The second request is a little more complex. Though it holds the No. 37 spot out of 491 DCA-recommended general support grants, final grant amounts under that program are determined by way of a mathematical formula that allocates funding based on a project’s score. Asolo’s application earned 95%.

Though their rankings are high, last week, the theatre brought on some lobbyists to help land the plane. Repping them in the Capitol are Michael Corcoran, Matt Blair, Jacqueline Corcoran and Andrea Tovar of Corcoran Partners.

Breakthrough Insights

The Next 24

Rep. Emily Slosberg will host an event celebrating the 100th anniversary of women’s suffrage. A bipartisan group of women will attend the “Keep Roaring On: 1920-2020” event with elected leaders, including Agriculture Commissioner Nikki Fried, Sen. Lori Berman, Sen. Lauren Book, Rep. Fentrice Driskell, Rep. Heather Fitzenhagen, Rep. Dotie Joseph and Rep. Jackie Toledo. It begins at 8 a.m. on the 22nd floor of The Capitol.

Sen. Bobby Powell will join the Florida League of Mayors for a press conference on legislation relating to water quality and vacation rental regulations. It starts at 8:15 a.m. on the 4th floor of The Capitol.

Reps. Driskell, Fitzenhagen and Joseph will host a press conference calling for Florida to ratify the Equal Rights Amendment at 9:30 a.m. on the 4th floor of The Capitol.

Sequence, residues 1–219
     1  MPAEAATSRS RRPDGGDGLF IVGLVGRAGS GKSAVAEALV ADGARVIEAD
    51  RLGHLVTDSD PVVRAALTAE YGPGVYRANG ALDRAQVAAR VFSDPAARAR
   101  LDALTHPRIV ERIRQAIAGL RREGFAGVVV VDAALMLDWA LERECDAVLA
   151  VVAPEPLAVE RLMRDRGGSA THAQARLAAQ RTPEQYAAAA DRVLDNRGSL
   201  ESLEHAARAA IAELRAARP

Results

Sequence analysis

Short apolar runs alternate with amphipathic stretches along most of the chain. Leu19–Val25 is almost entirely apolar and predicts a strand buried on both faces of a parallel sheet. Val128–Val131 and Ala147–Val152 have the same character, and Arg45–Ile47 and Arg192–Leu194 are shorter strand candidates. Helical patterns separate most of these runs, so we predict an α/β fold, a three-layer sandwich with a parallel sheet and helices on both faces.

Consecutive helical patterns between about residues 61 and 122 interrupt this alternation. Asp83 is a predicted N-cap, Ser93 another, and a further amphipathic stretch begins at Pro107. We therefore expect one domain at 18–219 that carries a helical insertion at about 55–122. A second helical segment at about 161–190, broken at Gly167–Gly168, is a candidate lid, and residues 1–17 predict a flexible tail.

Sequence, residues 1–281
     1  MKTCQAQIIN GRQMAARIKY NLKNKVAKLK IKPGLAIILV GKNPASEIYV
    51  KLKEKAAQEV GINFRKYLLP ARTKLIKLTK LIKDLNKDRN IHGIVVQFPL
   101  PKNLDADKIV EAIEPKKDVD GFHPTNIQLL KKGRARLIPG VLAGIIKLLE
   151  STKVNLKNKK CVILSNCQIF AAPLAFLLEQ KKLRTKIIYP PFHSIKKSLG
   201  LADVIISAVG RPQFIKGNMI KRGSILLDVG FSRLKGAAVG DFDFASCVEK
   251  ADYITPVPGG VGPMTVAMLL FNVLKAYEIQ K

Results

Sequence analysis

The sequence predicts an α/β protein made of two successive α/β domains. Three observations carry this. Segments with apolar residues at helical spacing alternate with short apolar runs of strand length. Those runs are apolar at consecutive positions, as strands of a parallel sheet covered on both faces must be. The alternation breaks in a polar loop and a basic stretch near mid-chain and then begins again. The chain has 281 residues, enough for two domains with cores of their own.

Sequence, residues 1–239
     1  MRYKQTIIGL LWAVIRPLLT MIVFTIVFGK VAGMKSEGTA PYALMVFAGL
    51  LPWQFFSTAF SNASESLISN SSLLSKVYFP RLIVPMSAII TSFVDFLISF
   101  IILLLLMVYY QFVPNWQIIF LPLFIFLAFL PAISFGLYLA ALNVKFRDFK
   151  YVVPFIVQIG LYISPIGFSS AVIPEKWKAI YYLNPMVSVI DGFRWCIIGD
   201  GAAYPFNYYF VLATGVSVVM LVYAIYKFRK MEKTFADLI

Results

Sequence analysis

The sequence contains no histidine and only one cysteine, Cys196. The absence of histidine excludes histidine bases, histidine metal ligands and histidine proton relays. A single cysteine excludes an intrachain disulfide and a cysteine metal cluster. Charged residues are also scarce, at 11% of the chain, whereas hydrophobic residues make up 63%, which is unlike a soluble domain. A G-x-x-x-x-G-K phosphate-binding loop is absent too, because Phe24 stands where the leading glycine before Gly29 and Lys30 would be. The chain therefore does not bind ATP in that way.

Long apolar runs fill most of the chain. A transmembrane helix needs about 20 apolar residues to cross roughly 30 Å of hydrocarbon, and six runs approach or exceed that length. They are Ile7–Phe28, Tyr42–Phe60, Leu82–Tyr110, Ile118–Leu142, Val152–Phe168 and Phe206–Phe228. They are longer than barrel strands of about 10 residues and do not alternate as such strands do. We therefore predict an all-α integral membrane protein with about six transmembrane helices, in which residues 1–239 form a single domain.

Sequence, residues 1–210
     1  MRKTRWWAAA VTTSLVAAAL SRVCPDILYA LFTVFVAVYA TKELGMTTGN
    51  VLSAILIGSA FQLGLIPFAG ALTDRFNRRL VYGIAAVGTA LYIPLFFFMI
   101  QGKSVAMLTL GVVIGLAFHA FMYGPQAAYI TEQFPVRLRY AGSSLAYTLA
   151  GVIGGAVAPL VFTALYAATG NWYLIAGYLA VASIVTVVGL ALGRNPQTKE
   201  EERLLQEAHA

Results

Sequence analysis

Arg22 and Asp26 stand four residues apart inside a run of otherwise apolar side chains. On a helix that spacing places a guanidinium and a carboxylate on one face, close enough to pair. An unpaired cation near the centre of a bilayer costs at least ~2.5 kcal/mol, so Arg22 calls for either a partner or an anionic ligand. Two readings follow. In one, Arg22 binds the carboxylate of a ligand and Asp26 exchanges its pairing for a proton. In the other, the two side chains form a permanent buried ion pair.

Gov. Ron DeSantis, Enterprise Florida Inc. President and CEO Jamal Sowell and Florida Department of Economic Opportunity Executive Director Ken Lawson will make a major announcement at 10 a.m., Florida State College at Jacksonville Administrative Offices – Board Room, 501 West State Street, Suite 405, Jacksonville.

The Senate will consider its $92.83 billion budget proposal during a floor session. It begins at 10 a.m. in the Senate Chamber.

The House will discuss its $91.37 billion budget proposal during a 1:30 p.m. floor session in the House Chamber.

Also, the following committees will meet.

— The House Education Committee meets at 9 a.m. in Reed Hall in the House Office Building.

— The House Health & Human Services Committee meets at 9 a.m. in Morris Hall in the House Office Building.

— The House Judiciary Committee meets at 9 a.m. in Room 404 of the House Office Building.

— The Senate Military and Veterans Affairs and Space Committee at 4 p.m. in Room 37 of the Senate Office Building.

— The Senate Rules Committee meets at 4 p.m. in Room 110 of the Senate Office Building.

Full committee agendas, including bills to be considered, are available on the House and Senate websites.

Happening Thursday — Communications Services Tax bill sponsors Sen. Travis Hutson and Rep. Jason Fischer will hold a “Cut the Tax on Tech” press conference alongside Americans for Tax Reform President Grover Norquist and Florida Internet & Television (FIT) on Thursday at 8:30 a.m. on the House side of the 4th-floor Rotunda.

Staff Reports